Annoying glue and finishing.

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Is it just with me or do you guys also 'find' glue on your projects while applying the finish. Every single time. I end up having to scrape areas and re-applying little areas. It doesn't effect the finish quality because I usually 0000 steel wool everything and apply several more coats, but man it's annoying. i know there is special UV active glue that you can use, but I haven't bothered to try it.
Can't be just me.?.
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I know that it's kind of time-consuming, but there are a couple of techniques that help:
Pre-finishing the pieces helps a lot, even if it's not the full finish job. The time-consuming part here is keeping the finish off the areas that will get glued, and suggestion 2 helps there too. But just a thin coat or two on the show faces can help to keep the glue from penetrating.
Even better is careful masking around the joints. The time you spend doing this is well, well repaid by the ease of clean-up. Seems like a pain in the ass, and sounds kind of anal-retentive, but you'd be surprised at how well things come out if you do a careful job of it.
Tom
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I usually prefinish and tape off ect., but in this case I couldn't.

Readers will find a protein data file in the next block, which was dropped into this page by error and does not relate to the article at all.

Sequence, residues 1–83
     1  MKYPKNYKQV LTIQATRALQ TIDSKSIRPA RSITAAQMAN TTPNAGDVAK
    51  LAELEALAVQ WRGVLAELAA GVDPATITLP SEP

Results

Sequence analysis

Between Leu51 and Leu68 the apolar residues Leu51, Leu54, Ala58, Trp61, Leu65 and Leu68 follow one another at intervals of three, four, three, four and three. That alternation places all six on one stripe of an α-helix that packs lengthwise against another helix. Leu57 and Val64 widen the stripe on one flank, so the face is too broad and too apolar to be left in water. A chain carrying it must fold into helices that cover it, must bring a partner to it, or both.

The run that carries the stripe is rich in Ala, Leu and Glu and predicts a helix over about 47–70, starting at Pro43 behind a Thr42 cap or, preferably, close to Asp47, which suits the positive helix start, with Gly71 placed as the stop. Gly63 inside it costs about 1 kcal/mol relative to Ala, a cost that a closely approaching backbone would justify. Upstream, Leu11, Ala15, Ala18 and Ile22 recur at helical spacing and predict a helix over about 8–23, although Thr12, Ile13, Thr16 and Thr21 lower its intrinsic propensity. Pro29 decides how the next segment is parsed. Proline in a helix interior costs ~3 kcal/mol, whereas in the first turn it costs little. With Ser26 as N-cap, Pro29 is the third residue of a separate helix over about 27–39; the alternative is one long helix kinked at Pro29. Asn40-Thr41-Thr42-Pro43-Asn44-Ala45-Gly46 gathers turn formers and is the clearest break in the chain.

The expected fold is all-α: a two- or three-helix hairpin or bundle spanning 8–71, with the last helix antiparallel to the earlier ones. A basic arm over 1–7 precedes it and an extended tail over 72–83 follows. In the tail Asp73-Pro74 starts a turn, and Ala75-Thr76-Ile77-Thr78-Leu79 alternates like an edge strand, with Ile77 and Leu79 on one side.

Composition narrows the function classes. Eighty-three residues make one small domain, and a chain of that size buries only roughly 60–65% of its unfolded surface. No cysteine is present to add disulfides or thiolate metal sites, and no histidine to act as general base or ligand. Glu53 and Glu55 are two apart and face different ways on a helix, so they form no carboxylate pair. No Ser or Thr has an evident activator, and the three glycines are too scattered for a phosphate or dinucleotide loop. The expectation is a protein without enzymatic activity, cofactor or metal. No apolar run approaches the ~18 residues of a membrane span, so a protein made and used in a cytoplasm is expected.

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On Thu, 21 Jan 2010 17:52:57 -0800 (PST), GarageWoodworks

Not just you, but I've gotten much better at avoiding it. I pay a lot of attention to my glue applying, and am constantly checking my hands to make sure I haven't got any on them, and if something drips I stop in my tracks and take care of it right that instant.
But when the inevitable happens, I wet sand the area right in the middle of applying the finish/stain. That way I don't miss it like I might if I were going back to fix it and then see it again in the middle of putting on the next coat. It's also easier to tell whether you've sanded it enough, as the spot just disappears when you've done enough. I don't know how scraping would go with it wet.
-Kevin
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Titebond makes a glue with fluorescent coloring in it that shows vividly under a black light.
http://www.titebond.com/IntroPageTB.ASP?UserType=1&ProdSel=ProductCategoryTB.asp?prodcat=3
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http://www.titebond.com/IntroPageTB.ASP?UserType=1&ProdSel=ProductCategoryTB.asp?prodcat=3
8 am and I've already learned something new.
Can I go back to bed now? :-)
jc
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On Fri, 22 Jan 2010 05:27:46 -0600, the infamous "DanG"

Wunnerful stuff. Shows you where you screwed the pooch AFTER IT'S TOO LATE.
-- We either make ourselves happy or miserable. The amount of work is the same. -Carlos Castaneda, mystic and author (1925-1998) -------